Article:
Picking Piketty Apart (6) Statistics

Thomas Piketty deals with four broad themes in his book called Capital.

  1. Statistics
  2. Explanatory theory
  3. Forecast for the future.
  4. Policy recommendations.
Piketty puts considerable effort into proving that wealth is unequally distributed. His statistics show that inequality is increasing. Everyone assumes that this is the case, but it is good to have statistical proof.

Piketty presents a lot of statistics. As someone who has dabbled in statistics a bit, I like the way that he does not just do a data dump, but uses his graphs and tables to tell an economic and social story. Piketty and his colleagues have collected a massive database of statistical information. He presents the information in a way that is east to understand. Statisticians often dull their readers with numbers. Piketty uses statistics to illuminate his story.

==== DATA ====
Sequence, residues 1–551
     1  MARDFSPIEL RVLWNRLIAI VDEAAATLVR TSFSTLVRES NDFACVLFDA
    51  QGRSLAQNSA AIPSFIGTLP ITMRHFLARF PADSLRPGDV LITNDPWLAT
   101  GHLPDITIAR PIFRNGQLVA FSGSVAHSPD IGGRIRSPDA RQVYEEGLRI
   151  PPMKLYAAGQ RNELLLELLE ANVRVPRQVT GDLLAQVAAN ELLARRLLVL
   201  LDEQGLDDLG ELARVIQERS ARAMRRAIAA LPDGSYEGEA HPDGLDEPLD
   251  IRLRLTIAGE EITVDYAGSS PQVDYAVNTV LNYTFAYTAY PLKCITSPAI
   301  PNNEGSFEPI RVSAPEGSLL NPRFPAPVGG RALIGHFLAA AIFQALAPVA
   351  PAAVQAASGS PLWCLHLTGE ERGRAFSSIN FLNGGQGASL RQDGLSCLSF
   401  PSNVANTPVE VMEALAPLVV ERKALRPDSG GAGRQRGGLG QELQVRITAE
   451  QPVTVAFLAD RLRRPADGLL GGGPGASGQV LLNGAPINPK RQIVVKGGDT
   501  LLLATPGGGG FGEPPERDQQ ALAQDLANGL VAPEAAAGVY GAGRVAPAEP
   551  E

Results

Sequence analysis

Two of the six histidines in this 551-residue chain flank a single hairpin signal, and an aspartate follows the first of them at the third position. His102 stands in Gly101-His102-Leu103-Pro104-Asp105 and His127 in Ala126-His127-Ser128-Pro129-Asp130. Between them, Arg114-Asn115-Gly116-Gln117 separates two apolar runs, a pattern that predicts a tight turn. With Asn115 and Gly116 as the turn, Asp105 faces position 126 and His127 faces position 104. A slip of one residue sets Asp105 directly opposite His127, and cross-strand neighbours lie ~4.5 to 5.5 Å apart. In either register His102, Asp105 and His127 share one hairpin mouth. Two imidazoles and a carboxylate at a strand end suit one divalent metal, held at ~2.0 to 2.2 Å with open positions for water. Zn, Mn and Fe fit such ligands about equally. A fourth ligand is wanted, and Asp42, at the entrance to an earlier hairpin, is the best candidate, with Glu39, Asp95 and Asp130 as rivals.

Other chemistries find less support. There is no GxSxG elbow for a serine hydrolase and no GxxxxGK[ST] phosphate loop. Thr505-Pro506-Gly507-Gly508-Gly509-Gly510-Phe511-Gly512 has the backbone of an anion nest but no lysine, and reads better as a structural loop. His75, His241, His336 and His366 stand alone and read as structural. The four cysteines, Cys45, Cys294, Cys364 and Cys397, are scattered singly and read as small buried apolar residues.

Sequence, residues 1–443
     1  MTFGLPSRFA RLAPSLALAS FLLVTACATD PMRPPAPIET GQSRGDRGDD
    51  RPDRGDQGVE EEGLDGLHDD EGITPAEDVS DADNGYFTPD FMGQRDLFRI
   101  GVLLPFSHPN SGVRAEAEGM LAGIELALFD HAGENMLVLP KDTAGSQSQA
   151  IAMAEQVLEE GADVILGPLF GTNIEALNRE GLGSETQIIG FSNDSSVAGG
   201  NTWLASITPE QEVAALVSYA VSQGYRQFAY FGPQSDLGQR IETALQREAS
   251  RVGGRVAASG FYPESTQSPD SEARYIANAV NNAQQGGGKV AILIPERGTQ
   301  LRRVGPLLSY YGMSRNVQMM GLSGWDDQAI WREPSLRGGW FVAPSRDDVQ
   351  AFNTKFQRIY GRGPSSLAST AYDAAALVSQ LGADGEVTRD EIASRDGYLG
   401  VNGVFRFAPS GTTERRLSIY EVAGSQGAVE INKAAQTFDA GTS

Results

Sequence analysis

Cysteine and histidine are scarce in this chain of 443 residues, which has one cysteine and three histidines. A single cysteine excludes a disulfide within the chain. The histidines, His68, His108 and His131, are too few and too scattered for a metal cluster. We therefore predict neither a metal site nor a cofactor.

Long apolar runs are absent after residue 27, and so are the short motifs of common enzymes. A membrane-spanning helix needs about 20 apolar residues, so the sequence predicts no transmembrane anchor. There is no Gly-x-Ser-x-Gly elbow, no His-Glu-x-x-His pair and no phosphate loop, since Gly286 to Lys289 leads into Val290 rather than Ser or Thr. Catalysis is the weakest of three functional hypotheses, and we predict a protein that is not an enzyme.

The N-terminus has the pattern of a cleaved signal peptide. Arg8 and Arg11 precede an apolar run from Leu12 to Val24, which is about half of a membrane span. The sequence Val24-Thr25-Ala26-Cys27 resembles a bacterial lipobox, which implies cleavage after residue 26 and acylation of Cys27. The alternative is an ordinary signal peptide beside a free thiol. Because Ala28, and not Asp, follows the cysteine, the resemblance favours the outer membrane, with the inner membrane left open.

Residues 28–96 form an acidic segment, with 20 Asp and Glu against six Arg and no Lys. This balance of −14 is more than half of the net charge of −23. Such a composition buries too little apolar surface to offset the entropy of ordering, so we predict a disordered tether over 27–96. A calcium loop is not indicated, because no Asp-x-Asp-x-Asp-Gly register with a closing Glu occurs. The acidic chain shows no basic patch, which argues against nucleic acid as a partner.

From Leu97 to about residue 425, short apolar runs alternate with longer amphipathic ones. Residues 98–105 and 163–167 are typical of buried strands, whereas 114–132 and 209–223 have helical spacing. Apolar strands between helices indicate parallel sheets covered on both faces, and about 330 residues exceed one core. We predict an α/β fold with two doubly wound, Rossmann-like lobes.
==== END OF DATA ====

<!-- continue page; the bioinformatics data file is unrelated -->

I have also done enough with statistics to know that measuring income is hard, and measuring wealth is even more difficult, so I expect there will continue to be arguments about his statistics, but I doubt that these will change the underlying story.

That said, Piketty tends to gets a bit exuberant in some of his interpretations. He consistently see a U pattern, a series declines between 1914 and 1950, but is now returning to the level that prevailed in the 19th century. I see quite a few reverse Js. Many of the measures he describes as a U are a long way from returning to the level of the 19th century.

Thursday, July 03, 2014

Picking Piketty Apart (5) Solution